useradd commands work differently.
Simply creates the user. It doesn't even ask you for a new password. It also does not create the home directory for this user. All these things you have to do manually after creating the user.
OR you can tell it when running the
useradd command. For example, the command
useradd -d /home/username -m username, includes creation of a home directory for this user.
Set the password after creating user, by
root@ubuntu-server:~# adduser username
Adding user `username' ...
Adding new group `username' (1006) ...
Adding new user `username' (1006) with group `username' ...
Creating home directory `/home/username' ...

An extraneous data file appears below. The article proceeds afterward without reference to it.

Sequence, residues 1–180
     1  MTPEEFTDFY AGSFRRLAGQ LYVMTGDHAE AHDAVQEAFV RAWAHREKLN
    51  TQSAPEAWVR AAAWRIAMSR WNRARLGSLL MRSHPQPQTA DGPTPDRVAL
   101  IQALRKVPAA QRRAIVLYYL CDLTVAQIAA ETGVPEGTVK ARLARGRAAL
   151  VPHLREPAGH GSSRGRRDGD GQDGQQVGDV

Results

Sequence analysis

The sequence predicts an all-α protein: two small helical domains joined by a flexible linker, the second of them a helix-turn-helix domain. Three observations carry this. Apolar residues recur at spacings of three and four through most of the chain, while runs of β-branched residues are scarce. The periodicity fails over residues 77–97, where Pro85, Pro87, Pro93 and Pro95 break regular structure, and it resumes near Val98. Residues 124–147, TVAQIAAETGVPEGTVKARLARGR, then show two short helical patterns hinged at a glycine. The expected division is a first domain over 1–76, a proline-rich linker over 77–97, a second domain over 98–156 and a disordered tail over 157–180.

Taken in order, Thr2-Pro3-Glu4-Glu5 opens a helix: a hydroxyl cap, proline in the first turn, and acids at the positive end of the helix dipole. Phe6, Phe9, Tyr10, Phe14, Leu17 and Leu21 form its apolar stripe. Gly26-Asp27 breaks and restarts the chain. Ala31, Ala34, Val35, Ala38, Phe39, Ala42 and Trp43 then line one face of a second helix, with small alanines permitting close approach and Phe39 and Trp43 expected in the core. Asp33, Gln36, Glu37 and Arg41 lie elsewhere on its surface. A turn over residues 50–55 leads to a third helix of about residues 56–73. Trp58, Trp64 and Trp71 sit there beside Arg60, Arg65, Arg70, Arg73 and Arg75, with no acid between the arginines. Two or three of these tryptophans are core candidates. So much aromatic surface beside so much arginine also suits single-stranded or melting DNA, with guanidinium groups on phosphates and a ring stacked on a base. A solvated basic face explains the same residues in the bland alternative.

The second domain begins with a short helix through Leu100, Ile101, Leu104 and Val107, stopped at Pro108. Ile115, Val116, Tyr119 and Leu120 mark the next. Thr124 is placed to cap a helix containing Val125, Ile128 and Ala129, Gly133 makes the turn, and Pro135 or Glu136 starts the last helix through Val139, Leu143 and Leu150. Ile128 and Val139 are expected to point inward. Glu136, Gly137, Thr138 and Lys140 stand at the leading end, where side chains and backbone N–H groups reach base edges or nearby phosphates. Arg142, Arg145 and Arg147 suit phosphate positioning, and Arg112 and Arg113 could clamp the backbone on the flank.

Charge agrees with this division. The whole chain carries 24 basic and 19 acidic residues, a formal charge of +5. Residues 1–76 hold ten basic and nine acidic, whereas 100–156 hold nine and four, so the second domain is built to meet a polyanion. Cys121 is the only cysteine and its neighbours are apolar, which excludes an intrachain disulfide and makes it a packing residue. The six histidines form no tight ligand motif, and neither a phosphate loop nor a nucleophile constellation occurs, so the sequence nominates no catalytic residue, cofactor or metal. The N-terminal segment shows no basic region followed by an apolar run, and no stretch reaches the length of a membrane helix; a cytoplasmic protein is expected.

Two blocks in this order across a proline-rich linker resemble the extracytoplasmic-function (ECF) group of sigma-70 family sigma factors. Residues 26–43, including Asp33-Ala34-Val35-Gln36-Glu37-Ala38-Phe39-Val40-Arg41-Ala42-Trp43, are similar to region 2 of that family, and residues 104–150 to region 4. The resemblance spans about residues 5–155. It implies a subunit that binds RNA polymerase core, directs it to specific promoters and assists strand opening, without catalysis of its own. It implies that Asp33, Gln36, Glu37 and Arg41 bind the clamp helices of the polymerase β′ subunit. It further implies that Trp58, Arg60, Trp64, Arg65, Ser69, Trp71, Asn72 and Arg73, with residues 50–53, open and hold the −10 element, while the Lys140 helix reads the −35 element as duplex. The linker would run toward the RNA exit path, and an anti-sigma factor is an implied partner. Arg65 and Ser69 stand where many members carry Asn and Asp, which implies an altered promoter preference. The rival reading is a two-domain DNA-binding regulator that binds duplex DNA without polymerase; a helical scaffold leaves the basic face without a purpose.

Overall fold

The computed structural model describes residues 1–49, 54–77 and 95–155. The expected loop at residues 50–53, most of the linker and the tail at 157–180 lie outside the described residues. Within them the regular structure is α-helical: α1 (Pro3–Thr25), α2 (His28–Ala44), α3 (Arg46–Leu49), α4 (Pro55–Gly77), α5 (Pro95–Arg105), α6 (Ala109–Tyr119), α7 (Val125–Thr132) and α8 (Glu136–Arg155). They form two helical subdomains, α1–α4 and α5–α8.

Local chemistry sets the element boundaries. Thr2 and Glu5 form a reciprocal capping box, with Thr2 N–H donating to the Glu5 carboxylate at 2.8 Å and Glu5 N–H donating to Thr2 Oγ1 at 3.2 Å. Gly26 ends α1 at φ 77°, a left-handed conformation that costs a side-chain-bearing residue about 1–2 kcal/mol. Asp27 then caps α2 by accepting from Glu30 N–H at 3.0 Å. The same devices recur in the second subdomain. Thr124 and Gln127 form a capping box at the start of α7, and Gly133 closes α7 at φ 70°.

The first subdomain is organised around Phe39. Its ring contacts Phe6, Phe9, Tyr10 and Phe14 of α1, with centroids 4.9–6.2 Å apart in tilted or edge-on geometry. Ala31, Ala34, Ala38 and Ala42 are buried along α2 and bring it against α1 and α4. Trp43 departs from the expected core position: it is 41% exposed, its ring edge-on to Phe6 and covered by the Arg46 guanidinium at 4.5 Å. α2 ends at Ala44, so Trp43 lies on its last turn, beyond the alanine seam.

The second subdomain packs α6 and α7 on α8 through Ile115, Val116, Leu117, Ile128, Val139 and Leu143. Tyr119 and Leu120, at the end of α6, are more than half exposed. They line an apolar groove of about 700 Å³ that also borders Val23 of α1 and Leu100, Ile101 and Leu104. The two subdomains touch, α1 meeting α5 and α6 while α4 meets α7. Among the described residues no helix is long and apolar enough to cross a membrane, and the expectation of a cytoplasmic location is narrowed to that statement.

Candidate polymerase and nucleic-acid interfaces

Copying files from `/etc/skel' ...
Enter new UNIX password:
Retype new UNIX password:
passwd: password updated successfully
Changing the user information for username
Enter the new value, or press ENTER for the default
Full Name : User name
Room Number : 405
Work Phone : 555-412-5555
Home Phone : 412-555-5555
Is the information correct? [Y/n] y
adduser command does everything automatically for you as shown here.
adduser command is much more convenient for creating users. The reason
useradd is provided even when there is
adduser is that not all distributions come with